This idea of impacting more, of creating great places that integrate nature in an additive way is the direction we need to keep moving in. Much of the conversation around greening and green and the shaping of public spaces is still this solutionism. It comes from the right place and we do need more green in public spaces. But greening alone isn’t going to get us where we want to be. Integrating greening with the way we all shape our civic and public realm will create more demand for a green infrastructure and nature in our lives.
Open Voices: That brings me to inquiring about one of your newest initiatives, the Placemaking Leadership Council. Can you share an update on the council’s work during the past year?
Ethan Kent: It’s been a busy time. The Placemaking Leadership Council, of over 500 members now from all over the world, kicked off in Detroit last April. Following that, a conference was held in Stockholm, Sweden with a few hundred people from 50 different countries helping to define placemaking as an international movement. We’re doing another one in Buenos Aires this year, and just completed one in Adelaide a few weeks ago. We are also working to influence the discussion at Habitat III, a 2016 UN-wide conference where we’ll be working to make public spaces and placemaking a focus of global development efforts, really bringing it to the next level.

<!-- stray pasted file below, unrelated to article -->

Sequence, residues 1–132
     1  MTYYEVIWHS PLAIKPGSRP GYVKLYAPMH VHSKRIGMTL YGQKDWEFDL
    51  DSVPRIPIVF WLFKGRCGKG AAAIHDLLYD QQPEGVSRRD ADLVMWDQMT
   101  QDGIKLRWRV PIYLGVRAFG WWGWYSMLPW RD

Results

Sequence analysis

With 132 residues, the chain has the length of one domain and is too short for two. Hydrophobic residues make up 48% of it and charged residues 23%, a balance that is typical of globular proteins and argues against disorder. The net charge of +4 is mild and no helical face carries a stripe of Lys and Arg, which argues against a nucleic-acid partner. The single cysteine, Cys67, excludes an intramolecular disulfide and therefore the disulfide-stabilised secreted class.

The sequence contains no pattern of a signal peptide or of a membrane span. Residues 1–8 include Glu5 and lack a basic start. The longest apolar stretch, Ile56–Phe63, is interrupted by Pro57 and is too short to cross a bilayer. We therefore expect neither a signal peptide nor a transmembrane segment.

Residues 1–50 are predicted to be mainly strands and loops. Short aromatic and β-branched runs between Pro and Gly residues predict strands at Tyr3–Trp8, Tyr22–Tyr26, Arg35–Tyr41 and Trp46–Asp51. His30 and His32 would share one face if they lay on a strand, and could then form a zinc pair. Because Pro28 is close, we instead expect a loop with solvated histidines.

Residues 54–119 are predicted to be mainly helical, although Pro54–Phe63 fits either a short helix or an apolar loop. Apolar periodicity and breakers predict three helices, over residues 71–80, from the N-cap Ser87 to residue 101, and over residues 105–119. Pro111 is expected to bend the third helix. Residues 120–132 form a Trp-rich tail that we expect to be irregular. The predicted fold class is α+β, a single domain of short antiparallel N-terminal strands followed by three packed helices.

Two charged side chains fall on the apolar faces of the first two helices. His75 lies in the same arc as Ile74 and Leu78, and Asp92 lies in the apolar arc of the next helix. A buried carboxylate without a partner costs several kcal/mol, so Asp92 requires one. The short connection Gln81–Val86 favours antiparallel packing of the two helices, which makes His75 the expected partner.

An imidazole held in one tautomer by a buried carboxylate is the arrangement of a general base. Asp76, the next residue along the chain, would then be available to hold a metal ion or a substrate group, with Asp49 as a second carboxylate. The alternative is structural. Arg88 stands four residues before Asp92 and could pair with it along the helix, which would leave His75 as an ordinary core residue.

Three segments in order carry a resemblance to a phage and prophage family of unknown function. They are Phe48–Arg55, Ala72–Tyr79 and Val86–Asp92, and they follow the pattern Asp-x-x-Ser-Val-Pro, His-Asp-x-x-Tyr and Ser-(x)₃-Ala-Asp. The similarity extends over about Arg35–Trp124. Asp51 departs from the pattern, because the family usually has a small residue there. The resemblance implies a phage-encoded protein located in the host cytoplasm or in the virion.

Increasingly, the way change occurs is through networks. The potential for shared learning within inter-disciplinary networks which reach different audiences makes change happen at a much faster rate. It’s an exciting time for seeing how human-scale placemaking can be much larger than any of us, with more and more people joining in to shape this growing movement.